How to Do It

My Grandma Just Made a Confession About Her Sex Life With My Grandpa

We’re not sure what to say now.

An older woman with a question mark next to her.
Photo illustration by Slate. Photo by Ashwin Vaswani on Unsplash.

How to Do It is Slate’s sex advice column. Have a question? Send it to Stoya and Rich here. It’s anonymous!

Dear How to Do It,

My grandmother is in her 80s and is the caregiver of my grandfather, in his late 80s. They have four adult sons. My grandfather has autism—he’s never been formally diagnosed but our whole family is doctors and that’s what they’ve concluded. A decade ago, he had a debilitating bout of depression, which was then followed by rapid physical and cognitive decline that doctors can’t quite pinpoint the reason for.

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He’s always been brilliant, if pretty self-centered. But whatever social graces he had before the depression have pretty much gone out the window. Now he’s uncommunicative and uncoordinated, but can still feed himself, walk, and do basic tasks. Basically, he parks himself in a recliner and reads mysteries, and yells at the little kids to keep down the noise. My grandmother dotes on him, and treats him like a preschooler, making him sandwiches he’s perfectly capable of making himself, doing up his tie, etc. She’s never worked, and I think she got a lot of joy out of being a wife and mother and taking care of all of her boys’ needs. Sort of a “likes to be needed” situation. They live in an apartment in an assisted living facility, and it has aides who are wonderful and perfectly able to sit with him while she goes out to dinner with her friends, but she doesn’t want to leave him.

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Recently, my grandmother confided separately in both an aunt and my mom—both of whom are her daughters-in-law—that she and my grandfather have sex every night, even though it hurts her, but she doesn’t feel like she can say “no.” My mom was caught completely off guard—we’re a pretty prudish family, my mom especially, and she told me she was really uncomfortable talking about sex with her mother-in-law. She stammered something about how she should be able to say “no” before a younger cousin came in and the conversation was over. But my grandma apparently brought it up before with my aunt and actually got in a conversation with her about it, although I don’t know what she said.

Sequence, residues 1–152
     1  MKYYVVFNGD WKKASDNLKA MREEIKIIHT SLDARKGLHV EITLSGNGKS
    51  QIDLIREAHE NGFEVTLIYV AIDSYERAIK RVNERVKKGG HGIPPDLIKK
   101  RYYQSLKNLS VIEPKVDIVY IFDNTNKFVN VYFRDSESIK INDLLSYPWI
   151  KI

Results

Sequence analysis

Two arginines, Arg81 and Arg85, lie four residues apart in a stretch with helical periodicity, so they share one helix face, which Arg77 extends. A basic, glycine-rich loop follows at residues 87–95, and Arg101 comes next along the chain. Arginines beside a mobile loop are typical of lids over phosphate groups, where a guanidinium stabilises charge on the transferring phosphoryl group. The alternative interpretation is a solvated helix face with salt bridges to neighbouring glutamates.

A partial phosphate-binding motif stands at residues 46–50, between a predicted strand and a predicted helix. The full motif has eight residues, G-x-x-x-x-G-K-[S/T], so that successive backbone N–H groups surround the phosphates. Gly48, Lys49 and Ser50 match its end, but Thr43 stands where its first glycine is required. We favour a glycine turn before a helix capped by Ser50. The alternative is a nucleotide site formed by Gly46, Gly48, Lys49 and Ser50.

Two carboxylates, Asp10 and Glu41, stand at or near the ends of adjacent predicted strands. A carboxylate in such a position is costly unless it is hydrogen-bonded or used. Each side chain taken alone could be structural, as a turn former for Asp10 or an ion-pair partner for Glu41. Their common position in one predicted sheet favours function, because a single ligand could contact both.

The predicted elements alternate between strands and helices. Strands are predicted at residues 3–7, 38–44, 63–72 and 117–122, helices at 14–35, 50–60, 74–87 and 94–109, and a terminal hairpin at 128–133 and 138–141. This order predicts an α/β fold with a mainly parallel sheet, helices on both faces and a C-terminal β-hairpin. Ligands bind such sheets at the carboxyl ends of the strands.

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He’s not physically strong enough to force her—he’s lost almost all of his muscle tone and he’d never threaten her—and my sense is that it’s more that my grandma doesn’t want to deal with him needling her or trying to convince her or sulking if she’s just not interested. But still, I do feel like she was turning both to my mom and to my aunt for help, and my mom at least let her down. My mom agrees and has said she’d like to bring it up again with her, but doesn’t know how. To me, a Gen Z girl, any situation in which she feels like she can’t say “no” (especially to something that hurts) is abusive. My mom agrees, but she’s struggling with how to approach this topic again with her mother-in-law. Any thoughts?

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—How to Say No

Dear No,

I would guess that for your grandmother, this goes beyond the bodily moment and to something more essential, like her perceived role in life. She might not even have the language or the ability to visualize what not acquiescing to your grandfather’s whims even looks like. That’s an insidious power disparity, whether or not he’s physically forcing her, and you’re right to be concerned.

No offense to the person who gave you life, but I agree your mom has dropped the ball here. She at least should consult with your aunt about how her conversation with your grandmother went to assess the next steps. Ideally, she’d also be putting her awkward feelings aside for the sake of another woman’s comfort and safety. But we all have our limitations. Not all heroes wear capes, and in fact most people who wear capes aren’t heroes. Since you’re concerned enough to write in about this, why don’t you take a chance and introduce your own Gen Z sensibility into the situation? I understand if you’re hesitant because you feel that your grandmother had the referenced conversations about the painful, unwanted sex with her husband presumably in confidence with your relatives, but if she brought it up to two people, she is indicating a willingness to engage. The conversation about consent looked very different when your grandmother was young than it does today. Marital rape, for example, wasn’t outlawed in any states until Nebraska took the initiative in 1975.